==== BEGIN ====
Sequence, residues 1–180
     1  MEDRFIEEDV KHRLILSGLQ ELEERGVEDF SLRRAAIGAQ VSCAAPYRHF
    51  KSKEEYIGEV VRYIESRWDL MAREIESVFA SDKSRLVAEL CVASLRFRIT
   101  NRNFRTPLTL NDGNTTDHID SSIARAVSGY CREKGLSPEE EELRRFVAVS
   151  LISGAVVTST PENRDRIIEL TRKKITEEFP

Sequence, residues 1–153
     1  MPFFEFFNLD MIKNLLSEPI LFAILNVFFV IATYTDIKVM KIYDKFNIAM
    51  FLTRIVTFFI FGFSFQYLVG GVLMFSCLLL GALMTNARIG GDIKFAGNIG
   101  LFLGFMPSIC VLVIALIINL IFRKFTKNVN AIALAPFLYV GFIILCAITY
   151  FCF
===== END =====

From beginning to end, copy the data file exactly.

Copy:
Sequence, residues 1–180
     1  MEDRFIEEDV KHRLILSGLQ ELEERGVEDF SLRRAAIGAQ VSCAAPYRHF
    51  KSKEEYIGEV VRYIESRWDL MAREIESVFA SDKSRLVAEL CVASLRFRIT
   101  NRNFRTPLTL NDGNTTDHID SSIARAVSGY CREKGLSPEE EELRRFVAVS
   151  LISGAVVTST PENRDRIIEL TRKKITEEFP

Sequence, residues 1–153
     1  MPFFEFFNLD MIKNLLSEPI LFAILNVFFV IATYTDIKVM KIYDKFNIAM
    51  FLTRIVTFFI FGFSFQYLVG GVLMFSCLLL GALMTNARIG GDIKFAGNIG
   101  LFLGFMPSIC VLVIALIINL IFRKFTKNVN AIALAPFLYV GFIILCAITY
   151  FCF